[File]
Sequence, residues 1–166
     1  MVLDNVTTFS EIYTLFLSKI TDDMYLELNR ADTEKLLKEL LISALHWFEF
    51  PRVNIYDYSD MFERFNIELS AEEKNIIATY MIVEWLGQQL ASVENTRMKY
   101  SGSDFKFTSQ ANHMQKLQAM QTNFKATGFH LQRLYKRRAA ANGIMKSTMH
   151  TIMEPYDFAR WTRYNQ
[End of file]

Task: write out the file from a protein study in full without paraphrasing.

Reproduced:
Sequence, residues 1–166
     1  MVLDNVTTFS EIYTLFLSKI TDDMYLELNR ADTEKLLKEL LISALHWFEF
    51  PRVNIYDYSD MFERFNIELS AEEKNIIATY MIVEWLGQQL ASVENTRMKY
   101  SGSDFKFTSQ ANHMQKLQAM QTNFKATGFH LQRLYKRRAA ANGIMKSTMH
   151  TIMEPYDFAR WTRYNQ